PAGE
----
An "alcohol-fueled" mass of brawling executives formed an impenetrable ball of trouble at the entrance to a downtown bar that ultimately led to five arrests and police using pepper spray to disperse the crowd early on Nov. 28, police and a bar attorney said today.
The melee was the latest in a string of incidents that have landed Mantra, 52 Temple Pl., before the Boston Licensing Board in recent months. The board will vote Thursday on what action, if any, to take on the latest incident, although of the three board members, only Chairman Daniel Pokaski attended today's hearing.
Boston Police Sgt. John McRyan told Pokaski that when he got to Temple Place around 2 a.m., most of Area A's officers were already on scene dealing with a large altercation both inside and outside the club. McRyan and club attorney Arthur Goldberg agreed on the basics of what happened:
The club that night had been rented to a group called New England Executives for a private party. About 150 people were inside near closing when two guys got into a fight near the coat check about 15 minutes before closing. Each had retinues of about 10 guys, who egged them on. The club's director of security arrived to break things up, got punched in the ear twice and nearly hit in the head with a bottle. Realizing things were now out of control, he called 911. Police arrived and began dealing with brawlers spilling outside. But people inside the club started smelling pepper spray and began to refuse to vacate the premises - essentially leaving a large bottleneck of angry, yelling execs milling right at the entrance.
McRyan said that even at 2:25 a.m., there were still 30 to 40 people inside. When he ordered club workers to get them out, one told him "What can I do? They won't leave."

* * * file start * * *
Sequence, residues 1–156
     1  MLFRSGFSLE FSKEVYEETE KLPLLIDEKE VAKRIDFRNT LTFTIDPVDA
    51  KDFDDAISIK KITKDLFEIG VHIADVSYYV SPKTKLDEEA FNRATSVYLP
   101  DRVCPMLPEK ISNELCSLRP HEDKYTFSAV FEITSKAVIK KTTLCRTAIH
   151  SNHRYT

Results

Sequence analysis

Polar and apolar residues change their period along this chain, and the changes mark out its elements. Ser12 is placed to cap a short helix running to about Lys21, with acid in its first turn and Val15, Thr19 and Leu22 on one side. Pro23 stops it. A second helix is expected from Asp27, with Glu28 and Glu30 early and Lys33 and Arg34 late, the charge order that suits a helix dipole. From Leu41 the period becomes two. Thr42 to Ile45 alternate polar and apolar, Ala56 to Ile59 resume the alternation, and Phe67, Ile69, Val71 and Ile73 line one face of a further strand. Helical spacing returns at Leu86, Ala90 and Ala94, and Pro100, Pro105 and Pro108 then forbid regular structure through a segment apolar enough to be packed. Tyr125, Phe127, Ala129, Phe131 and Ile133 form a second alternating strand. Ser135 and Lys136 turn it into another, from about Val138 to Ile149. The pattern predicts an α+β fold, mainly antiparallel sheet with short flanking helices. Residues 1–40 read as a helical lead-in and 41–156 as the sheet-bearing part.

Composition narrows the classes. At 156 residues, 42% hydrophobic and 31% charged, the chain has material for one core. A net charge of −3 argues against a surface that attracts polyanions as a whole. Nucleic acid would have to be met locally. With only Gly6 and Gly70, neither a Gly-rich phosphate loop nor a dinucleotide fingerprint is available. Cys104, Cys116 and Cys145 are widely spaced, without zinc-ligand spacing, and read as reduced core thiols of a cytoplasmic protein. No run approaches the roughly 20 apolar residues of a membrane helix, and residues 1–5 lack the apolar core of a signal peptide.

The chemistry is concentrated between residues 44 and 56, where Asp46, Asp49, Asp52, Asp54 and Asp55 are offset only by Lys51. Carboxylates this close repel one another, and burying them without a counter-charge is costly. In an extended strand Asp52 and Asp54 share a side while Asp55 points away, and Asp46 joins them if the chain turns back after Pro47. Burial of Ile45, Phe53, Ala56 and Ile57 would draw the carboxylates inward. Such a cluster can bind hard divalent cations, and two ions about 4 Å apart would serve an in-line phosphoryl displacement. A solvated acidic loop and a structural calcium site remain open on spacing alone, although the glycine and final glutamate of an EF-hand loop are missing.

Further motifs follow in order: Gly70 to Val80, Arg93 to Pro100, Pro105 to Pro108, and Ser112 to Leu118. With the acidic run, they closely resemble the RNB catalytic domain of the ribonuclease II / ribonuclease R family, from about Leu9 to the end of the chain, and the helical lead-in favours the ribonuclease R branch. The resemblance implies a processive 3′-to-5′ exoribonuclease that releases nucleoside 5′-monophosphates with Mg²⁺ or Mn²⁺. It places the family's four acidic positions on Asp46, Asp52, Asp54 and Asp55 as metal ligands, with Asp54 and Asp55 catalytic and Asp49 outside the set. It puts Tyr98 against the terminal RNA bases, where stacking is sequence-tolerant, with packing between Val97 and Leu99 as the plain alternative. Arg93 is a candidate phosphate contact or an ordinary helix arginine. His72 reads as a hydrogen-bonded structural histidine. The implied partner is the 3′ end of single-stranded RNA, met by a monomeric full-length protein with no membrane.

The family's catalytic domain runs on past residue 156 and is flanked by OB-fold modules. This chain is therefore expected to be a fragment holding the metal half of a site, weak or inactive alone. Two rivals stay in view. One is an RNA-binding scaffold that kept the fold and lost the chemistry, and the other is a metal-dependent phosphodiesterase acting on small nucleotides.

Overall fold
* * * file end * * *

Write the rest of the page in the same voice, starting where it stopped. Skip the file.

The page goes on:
McRyan said that five people out of the "highly alcohol-fueled crowd" were ultimately arrested on charges of disorderly conduct and assault and battery on a police officer. He added that in addition to the brawling, the club violated city licensing regulations because it was unable to provide a contact name for the private party.
Goldberg said the evening started peacefully, with an art show between 7 and 9 p.m. Goldberg speculated the executives were, like him, children of the 60s, who, at the end of the night began to react just like guys he sees at Patriots games: "There's some wise guys. ... They're upset, they're yelling 'police brutality.' ... They were punks, but they weren't our punks."
Pokaski begged to differ on that last point. "For the purposes of this evening, they were your punks. ... Rational people do not start fights. Rational people do not pick fights with uniformed Boston police officers. ... It's when people become irrational. Now what triggers that? The crowd. And the consumption of alcohol."
Pokaski said he did not fault the club for its reaction to the fight once it started. "My problem is why is it always the same place that we have issues?"
Goldberg said the club will no longer do rap and hiphop shows, and he noted the board has ordered the club to scale its closing time back to 1 a.m. He added he will be back before the board soon, because the club's owner is about to buy a hotel in Boston.
Pokaski had a two-word reply to that news: "Oh, God!"